BEIRUT (AP) — The Latest on the conflict in Syria as a new round of peace talks begins in Geneva (all times local):
Russia says its warplanes are helping the Syrian army fight the al-Qaida-affiliated Nusra Front around Aleppo, adding that there is no plan to capture the city.
The Russian Foreign Ministry said Friday that Syrian troops' attacks on the Nusra Front are necessary to prevent the militants from blocking civilian areas. It emphasized that "there is no plan for storming Aleppo."
The U.S. and Russia-backed truce that began on Feb. 27 has helped reduce hostilities in some parts of Syria, but fighting has continued around Aleppo where the Nusra Front has strong positions. The Nusra Front and the Islamic State group have been excluded from the truce.
The ministry said Moscow expects Washington to continue coordinating the cease-fire's enforcement and strongly warned the U.S. against supplying any weapons to the rebels.
A Syrian government envoy says he had "constructive and fruitful" discussions with a U.N. mediator in the resumption of peace talks in Geneva.
Syria's U.N. ambassador Bashar Ja'afari spoke briefly to reporters Friday after his delegation provided proposed "amendments" to a working paper laid out by U.N. envoy Staffan de Mistura as the talks took a break last month.
De Mistura on Wednesday re-convened parties to the indirect peace talks between the government and the main opposition group, the High Negotiations Committee, aimed to try to bring an end to Syria's five-year war that has left over 250,000 dead and driven millions from their homes.
Ja'afari said de Mistura's team would examine the government's proposed changes to a list of fundamental principles for the talks before meeting again Monday.
Commanders of the rebel Free Syrian Army say government forces are preparing an offensive on the northern city of Aleppo, and opposition fighters are waiting to see if world powers can keep a tenuous cease-fire afloat before deciding whether to continue supporting peace talks.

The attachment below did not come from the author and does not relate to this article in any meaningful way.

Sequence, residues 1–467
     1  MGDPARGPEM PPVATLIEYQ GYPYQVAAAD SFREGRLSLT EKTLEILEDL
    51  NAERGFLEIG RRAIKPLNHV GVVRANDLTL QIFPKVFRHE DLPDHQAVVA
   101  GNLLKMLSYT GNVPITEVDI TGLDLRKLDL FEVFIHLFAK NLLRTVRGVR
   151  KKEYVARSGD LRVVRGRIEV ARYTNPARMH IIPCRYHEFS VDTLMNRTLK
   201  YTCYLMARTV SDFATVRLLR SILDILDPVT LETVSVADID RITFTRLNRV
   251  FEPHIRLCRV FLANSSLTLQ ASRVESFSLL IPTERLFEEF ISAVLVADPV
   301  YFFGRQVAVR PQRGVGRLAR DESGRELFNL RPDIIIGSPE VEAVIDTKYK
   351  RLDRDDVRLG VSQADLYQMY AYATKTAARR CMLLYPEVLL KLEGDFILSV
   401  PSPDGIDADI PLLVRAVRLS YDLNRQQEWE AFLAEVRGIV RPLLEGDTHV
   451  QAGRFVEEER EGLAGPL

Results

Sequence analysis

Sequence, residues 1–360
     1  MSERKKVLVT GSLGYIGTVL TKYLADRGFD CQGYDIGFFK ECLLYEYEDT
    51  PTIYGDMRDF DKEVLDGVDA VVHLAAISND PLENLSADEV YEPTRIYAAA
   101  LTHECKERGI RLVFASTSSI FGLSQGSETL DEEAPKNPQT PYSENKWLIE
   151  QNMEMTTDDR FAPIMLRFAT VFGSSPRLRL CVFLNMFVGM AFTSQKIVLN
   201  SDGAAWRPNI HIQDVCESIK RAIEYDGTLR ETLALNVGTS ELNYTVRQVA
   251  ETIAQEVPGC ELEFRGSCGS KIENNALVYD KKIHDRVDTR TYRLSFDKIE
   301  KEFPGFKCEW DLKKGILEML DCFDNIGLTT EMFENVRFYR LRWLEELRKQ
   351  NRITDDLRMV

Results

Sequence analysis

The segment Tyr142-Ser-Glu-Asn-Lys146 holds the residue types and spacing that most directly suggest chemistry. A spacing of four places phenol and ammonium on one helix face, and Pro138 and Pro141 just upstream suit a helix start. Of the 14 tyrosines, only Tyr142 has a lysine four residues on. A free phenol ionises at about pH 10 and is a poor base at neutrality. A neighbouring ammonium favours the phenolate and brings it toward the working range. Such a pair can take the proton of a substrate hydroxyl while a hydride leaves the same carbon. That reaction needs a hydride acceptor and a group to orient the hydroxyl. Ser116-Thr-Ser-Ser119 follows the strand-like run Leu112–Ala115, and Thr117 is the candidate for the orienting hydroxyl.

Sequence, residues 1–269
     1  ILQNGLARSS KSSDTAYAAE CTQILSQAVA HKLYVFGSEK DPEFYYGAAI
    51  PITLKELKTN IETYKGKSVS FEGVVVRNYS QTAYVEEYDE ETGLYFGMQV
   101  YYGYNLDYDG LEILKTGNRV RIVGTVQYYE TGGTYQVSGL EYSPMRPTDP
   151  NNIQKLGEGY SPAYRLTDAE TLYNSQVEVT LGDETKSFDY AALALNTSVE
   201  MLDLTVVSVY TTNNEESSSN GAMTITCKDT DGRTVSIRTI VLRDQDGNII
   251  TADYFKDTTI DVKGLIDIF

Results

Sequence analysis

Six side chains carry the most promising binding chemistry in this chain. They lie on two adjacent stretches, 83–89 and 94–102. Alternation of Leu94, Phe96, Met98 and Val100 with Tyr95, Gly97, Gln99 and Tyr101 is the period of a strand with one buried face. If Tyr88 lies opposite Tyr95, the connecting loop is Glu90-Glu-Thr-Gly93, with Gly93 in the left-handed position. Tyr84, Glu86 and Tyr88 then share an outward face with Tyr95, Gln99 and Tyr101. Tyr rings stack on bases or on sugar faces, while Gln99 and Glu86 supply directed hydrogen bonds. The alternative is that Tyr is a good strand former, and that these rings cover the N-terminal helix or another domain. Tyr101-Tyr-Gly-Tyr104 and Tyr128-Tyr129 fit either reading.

FSA commanders spoke to reporters Friday in Geneva against the backdrop of indirect peace talks at nearby U.N. offices between opposition representatives and a government delegation.
Abu Ossama Al-Jolani accused President Bashar Assad's government of trying to "destroy" the truce brokered by Russia and the U.S. He said FSA fighters who now support the talks are waiting for "those who decided that this truce should start" to determine whether it's holding.
Another commander, Iyad Shamsi, said government forces and their Iranian backers were preparing a "big offensive" on Aleppo.
Syria's ambassador to the United Nations and a government delegation have arrived at the U.N's Geneva offices in their return to indirect peace talks with the opposition amid new fighting in Syria.
Bashar Ja'afari and his entourage were meeting with U.N. special envoy Staffan de Mistura Friday for the first time since the so-called "proximity talks" — in which the delegations meet separately with de Mistura — suspended for a break last month. The opposition High Negotiations Committee met with de Mistura on Wednesday and was to see him again later Friday.
While a cease-fire between government forces and rebel fighters has largely held, the talks have largely been overshadowed by renewed combat near Syria's largest city, Aleppo.
The talks are seen by many as the best chance yet to end the five-year war.
An international medical relief organization says it is "extremely worried" about the security of people fleeing fighting in northern Syria and about their access to health care.
Medicins Sans Frontieres, also known as MSF or Doctors Without Borders, says it knows of just five operating hospitals in the Azaz district, where Syrians who have already been displaced by conflict are now fleeing renewed fighting between Syrian rebels and the Islamic State group.
Muskilda Zancada, head of the MSF mission in Syria, says the situation on the ground "remains very unpredictable."
The New York-based Human Rights Watch said Thursday that an Islamic State advance in the area sent around 30,000 displaced persons fleeing from their camps. The group said some headed to the Turkish border but were refused entry.
Syrian state media says a government delegation has arrived to join the new round of U.N.-mediated peace talks with an umbrella opposition group that began this week in Geneva.
The arrival of the Damascus team, led by Syria's U.N. Ambassador Bashar Jaafari, comes amid an escalation in northern Aleppo province that has left 34 dead on both sides. The renewed fighting has undermined the fragility of the cease-fire that has largely held elsewhere in Syria.
The Britain-based Syrian Observatory for Human Rights says that of those killed in the past 24 hours in the clashes, 14 were pro-government fighters and 20 were militants.
U.N. Special Envoy Steffan De Mistura has said he hopes this round will have substantive talks on a peace process to resolve the country's five-year civil war.